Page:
I’ve been struggling for a few weeks trying to come up with a subject to write about.
For the time being, I’ve been living and working in Morocco for the past 9 months so I can assure you that by now I have plenty of stories to share which makes it quite hard to decide which one would be the best one to start with.
So I decided to start from the beginning: birth and first stages of existence within the Barbary Macaque species.
Here we could argue about when does life actually starts, birth, conception or in a vast number of development stages of pregnancy but I”ll just skip that issue because I can assure you that I do not have the academic background to engage in such a controversial discussion.
Infants, or how I like to refer to them in my mind “mini monkeys”, are one of the most adorable little creatures I have had the pleasure to watch and work with.
I’ve seen all of them from their first day in this world, a few still covered in blood and with the umbilical cord. I’ve watch them struggling to walk in their weak and numb limbs and I’ve watch them fail and try time after time after time. I’ve seen their “jumping phase” where they would climb a small rock and jump and jump and jump all day long. I’ve seen them starting to understand how to climb on their mothers or soliciting males and hold on as much as they could while the adult would almost fly up a tree in an amazing speed that would make me shiver in anxiety thinking that they were not going to be able to hold on and fall dozens of meters down.
All my fears were obviously not realistic because for what I’ve noticed by now, mini monkeys are incredible strong creatures and I’ve even watched one of them falling 7 meters down a tree and walking out of it like nothing happened (I can assure you that the entire group got quite agitated when that happen though).
The first new born of the green group came on the 28th March, a little boy that soon was the centre of attention within the entire group. Everyone wanted to peek at the little piece of heaven and the entire dynamic of the group completely changed after that day.
Rebecca’s little boy, the first newborn of 2010’s birth season.
On the next day another baby boy was born, this time from Anna, the dominant female of the group and the births went on until all the females of the green group were carrying a baby, a total of 7 infants, 3 males and 4 females were born in less than a month.
Anna resting with her newborn after, what I would have call, a rough night.
In few days after the first infants were born, we start observing the males trying to get and keeping them sometimes for almost half the day.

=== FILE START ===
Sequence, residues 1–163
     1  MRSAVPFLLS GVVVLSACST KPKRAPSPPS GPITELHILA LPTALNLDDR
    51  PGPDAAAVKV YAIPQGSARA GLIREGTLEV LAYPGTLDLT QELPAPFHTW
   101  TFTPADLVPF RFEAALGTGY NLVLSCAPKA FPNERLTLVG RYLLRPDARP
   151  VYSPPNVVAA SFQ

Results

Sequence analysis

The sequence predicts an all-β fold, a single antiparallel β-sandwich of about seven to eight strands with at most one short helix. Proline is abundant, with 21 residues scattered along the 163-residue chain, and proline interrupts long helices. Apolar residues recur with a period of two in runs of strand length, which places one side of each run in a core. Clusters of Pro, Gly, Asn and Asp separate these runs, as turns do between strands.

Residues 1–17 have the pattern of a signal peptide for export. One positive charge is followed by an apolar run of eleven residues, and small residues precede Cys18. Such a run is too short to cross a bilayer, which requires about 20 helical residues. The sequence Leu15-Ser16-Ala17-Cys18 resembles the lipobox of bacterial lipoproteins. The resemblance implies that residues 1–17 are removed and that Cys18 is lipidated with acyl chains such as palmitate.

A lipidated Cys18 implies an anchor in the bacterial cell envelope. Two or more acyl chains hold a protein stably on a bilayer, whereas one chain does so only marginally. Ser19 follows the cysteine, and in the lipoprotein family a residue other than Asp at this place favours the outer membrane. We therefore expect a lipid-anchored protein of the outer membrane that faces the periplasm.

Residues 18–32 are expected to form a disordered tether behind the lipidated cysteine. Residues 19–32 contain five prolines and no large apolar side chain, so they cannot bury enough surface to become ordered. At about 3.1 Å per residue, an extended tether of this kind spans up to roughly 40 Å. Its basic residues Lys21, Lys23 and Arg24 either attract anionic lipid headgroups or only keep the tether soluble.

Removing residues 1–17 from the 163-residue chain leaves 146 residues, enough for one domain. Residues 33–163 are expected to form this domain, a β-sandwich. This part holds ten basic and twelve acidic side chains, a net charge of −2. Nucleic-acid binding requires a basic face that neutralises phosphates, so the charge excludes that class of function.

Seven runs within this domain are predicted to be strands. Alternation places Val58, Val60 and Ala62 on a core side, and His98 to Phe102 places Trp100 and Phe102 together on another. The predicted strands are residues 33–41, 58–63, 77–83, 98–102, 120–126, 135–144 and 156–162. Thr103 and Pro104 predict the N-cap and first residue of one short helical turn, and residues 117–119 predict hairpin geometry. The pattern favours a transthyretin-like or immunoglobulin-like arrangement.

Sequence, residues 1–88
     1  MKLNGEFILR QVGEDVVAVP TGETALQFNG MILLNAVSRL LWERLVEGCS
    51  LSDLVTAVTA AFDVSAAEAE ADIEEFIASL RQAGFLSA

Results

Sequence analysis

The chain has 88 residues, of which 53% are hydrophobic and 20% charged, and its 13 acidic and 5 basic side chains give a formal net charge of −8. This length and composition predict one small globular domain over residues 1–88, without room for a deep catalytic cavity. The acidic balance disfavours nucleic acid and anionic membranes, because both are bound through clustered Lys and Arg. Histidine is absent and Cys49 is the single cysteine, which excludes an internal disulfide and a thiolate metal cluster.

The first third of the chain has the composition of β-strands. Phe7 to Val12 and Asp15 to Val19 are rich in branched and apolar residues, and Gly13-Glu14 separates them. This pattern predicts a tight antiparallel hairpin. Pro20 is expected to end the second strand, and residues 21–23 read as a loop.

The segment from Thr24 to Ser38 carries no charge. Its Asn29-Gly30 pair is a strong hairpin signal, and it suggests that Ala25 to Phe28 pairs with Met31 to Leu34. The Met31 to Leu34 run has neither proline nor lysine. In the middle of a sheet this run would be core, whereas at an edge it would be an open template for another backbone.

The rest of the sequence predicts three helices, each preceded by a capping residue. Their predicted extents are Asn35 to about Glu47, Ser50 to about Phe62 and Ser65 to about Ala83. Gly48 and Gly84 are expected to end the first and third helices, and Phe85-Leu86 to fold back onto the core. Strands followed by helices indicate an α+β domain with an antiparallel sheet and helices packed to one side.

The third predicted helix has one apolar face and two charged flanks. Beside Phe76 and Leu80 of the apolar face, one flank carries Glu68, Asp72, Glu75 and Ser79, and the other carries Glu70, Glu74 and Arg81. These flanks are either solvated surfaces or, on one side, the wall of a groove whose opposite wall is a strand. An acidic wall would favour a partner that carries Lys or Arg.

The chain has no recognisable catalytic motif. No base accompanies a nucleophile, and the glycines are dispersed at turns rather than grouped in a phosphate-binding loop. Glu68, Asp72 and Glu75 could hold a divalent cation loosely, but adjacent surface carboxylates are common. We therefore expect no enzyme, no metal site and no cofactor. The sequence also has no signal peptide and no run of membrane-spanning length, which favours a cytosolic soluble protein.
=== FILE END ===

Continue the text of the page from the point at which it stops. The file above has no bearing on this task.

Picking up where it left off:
They walked around with the little ones, sometimes just embracing and teeth chattering the infant but most of the times “using” them to do sandwiches with other males (a very common social behaviour among adult males).
In the following weeks we start observing the infants beginning to walk on their own and trying to slowly explore their surroundings. Their hair was still quite dark compared to the other members of the group and their ability to master some of the basic body movements made them quite an entertainment to watch.
Their face was still quite wrinkly which made them look like and old man instead of a young monkey.
Both juveniles and adults are incredibly patient when it comes to infant behaviour. The little ones were allowed to be as annoying as they could possibly be without any kind of repercussions so we could often observe infants jumping from adult to adult while they were trying to rest or groom and being groomed, pulling their hairs or biting them while the adults would just let them play and mess around without any kind of punishment.
Among the green group there is a peripheral adult male, George, well known by his lack of social skills. He doesn’t seem to adapt to the Barbary Macaque social life as well as the other members of the group and he’s often seen alone a few dozen meters away from the rest of the monkeys.
As you may imagine he was also a bit curious about the new members of the group and one day, during the month of June, he managed to “get his hands” on one of the infants.
I expected him to “use” the infant in his advantage to try to get closer to the other adult members without fear of being aggressed but instead he got the infant, ran away with him, sat far away from the group, held the little boy’s neck to keep it steady and proceeded to kiss him.. I can assure you it was one of the most bizarre moments I’ve ever witnessed. There was this awkward adult male, holding a small infant by his neck while keeping lip contact with him for more than 2 minutes straight for no apparent reason.